Enhanced reactivity of silver- and gold-catalysed hydrogenations using silver(I) salts

Using gold and silver to hydrogenate halonitroaromatics.

If you have ever tried the hydrogenation of an aromatic halonitrobenzene you probably know that it is not always an easy reaction. Besides the common issues of reducing a nitrocompound, the halogen adds a challenging group which is sometimes wiped out in the hydrogenation, leaving a nice mixture of halogenated and dehalogenated compound, that sometimes simply cannot be separated. Is common knowledge that Palladium catalysts give more dehalogenation than Platinum catalysts, but as usual, nothing is so simple. There are around some catalysts that work wonderfully for the hydrogenation of halonitrobenzenes and halonitroheteroaromatics, but here we have a nice addition from Johnson Matthey.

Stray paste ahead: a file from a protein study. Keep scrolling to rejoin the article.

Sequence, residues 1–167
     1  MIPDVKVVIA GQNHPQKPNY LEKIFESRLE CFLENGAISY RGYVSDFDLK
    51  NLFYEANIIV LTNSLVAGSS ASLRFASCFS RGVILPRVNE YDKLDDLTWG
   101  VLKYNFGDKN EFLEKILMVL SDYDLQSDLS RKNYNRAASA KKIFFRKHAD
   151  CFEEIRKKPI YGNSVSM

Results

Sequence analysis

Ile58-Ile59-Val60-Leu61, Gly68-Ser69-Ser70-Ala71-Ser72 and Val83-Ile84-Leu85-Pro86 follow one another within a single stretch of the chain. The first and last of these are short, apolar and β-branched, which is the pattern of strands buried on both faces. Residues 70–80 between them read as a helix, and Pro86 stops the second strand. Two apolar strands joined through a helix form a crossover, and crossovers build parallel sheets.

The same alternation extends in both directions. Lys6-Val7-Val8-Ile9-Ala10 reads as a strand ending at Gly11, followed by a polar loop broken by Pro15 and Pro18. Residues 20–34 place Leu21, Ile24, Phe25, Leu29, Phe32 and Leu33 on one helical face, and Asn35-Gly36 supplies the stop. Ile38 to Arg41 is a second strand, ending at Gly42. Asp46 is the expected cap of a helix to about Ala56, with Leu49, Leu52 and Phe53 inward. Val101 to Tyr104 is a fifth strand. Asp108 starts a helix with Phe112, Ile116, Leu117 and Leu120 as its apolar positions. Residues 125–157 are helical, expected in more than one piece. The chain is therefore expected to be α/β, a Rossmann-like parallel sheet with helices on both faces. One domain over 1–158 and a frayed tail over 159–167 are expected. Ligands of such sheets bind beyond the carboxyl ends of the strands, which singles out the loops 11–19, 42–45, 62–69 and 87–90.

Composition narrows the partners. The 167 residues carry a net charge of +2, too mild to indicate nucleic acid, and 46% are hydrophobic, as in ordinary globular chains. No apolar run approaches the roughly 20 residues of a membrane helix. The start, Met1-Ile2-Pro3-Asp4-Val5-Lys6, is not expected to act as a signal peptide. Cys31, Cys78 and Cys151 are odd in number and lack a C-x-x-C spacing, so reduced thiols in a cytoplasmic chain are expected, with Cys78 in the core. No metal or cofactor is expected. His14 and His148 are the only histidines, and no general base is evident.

The paper, published by Fussell et al. (Pfizer, UK) studies briefly the use of Silver and Gold catalysts on an Al2O3 support. After thorough experimentation, they have found that both 5% Ag/Al2O3 and 5% Au/Al2O3 catalysts avoid the competing dehalogenation of the substrate. However, in order to accelerate the reaction an additive is needed, and the best are silver salts like AgOAc and Ag2CO3. Chloronitrobenzenes are the best substrates for the reaction conditions (with a hydrogen pressure of 150 psi!), though the only example with bromine stands fine, but with lower conversion. Only the iodonitrobenzene does not survive, nothing unexpected here. Next time you need to reduce one of these substrates, make a call to your JM agent!

J. Am. Chem. Soc., 2010, 132 (24), pp 8270–8272. See: 10.1016/j.tetlet.2010.07.143